Customer Review

53 of 55 people found the following review helpful
4.0 out of 5 stars Thought provoking and excellent read!, 14 Sept. 1999
By A Customer
This review is from: Nervous Conditions (Paperback)
This book opened a window for me into the lives of black African women who manage to gain an education especially at a time in Southern Rhodesia when to be black was to be bottom of the heap and to be female as well was even less advantageous.
The book tells a story of how an African girl surmounts the apparently insurmountable in a patriarchal society to gain an education. The influences of the other significant women in her life, supportive or otherwise and the ultimate affect of that education on her relationships within an African society.
I went to school with the author although she was a year ahead of me. I was a 'European' colonial from Zambia. Tsitsi stood out at school for her brains and her posh English accent which in Southern Rhodesia at that time was a considered a matter worth commenting on. Given the politics at the time - the early seventies during UDI - within the country as well as within the school I was keen to read her book when I heard she had written one. I was not disappointed. The book offered some thought provoking insights into a world that was closed to us white girls despite the multi-racial nature of the school.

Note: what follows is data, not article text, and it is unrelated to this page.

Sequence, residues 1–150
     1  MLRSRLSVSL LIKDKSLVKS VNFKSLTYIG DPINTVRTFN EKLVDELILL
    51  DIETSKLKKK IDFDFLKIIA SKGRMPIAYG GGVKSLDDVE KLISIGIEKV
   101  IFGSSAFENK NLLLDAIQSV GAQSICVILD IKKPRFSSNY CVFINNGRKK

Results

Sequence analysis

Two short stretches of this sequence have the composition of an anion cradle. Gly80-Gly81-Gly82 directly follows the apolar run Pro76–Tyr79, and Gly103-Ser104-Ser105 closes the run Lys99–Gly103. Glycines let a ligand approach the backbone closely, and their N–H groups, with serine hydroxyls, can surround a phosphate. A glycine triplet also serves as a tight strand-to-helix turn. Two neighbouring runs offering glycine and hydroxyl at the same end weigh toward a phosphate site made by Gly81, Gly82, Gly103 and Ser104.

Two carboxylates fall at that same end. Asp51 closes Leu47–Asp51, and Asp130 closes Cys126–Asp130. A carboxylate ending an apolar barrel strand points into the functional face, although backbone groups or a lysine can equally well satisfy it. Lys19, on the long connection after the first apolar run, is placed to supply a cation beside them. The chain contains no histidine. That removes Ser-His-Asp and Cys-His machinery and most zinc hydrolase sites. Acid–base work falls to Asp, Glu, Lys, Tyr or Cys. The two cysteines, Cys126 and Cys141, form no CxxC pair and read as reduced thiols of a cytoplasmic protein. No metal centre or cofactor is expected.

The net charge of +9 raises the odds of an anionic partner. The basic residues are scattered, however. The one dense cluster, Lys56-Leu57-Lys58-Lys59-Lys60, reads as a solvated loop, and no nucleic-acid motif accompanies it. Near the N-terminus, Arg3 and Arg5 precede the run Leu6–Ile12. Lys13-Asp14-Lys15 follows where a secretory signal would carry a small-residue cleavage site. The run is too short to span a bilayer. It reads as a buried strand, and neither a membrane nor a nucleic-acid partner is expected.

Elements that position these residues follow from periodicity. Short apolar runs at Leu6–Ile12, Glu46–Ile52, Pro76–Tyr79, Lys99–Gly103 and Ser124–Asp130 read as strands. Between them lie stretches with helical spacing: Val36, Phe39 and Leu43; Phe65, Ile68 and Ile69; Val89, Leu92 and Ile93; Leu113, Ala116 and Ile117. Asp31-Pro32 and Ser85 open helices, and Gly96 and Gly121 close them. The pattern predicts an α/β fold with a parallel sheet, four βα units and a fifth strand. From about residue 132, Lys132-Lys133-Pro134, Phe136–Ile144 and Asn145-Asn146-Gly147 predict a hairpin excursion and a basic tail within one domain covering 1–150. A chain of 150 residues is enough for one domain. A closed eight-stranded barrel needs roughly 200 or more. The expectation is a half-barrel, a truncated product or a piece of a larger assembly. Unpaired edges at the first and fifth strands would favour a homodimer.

I can highly recommend it to anyone who is interested in women's issues and racial issues.
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Showing 1-1 of 1 posts in this discussion
Initial post: 5 May 2010 10:56:03 BDT
Emer Mullen says:
The personal connection with the author is interesting although perhaps a red herring at the end of the day. I am just beginning to explore African literature and it was helpful to read that this book looks into the issue of women in africa and their experience in a patriarchal society. From that point of view this review would encourage me to look into this author's work.
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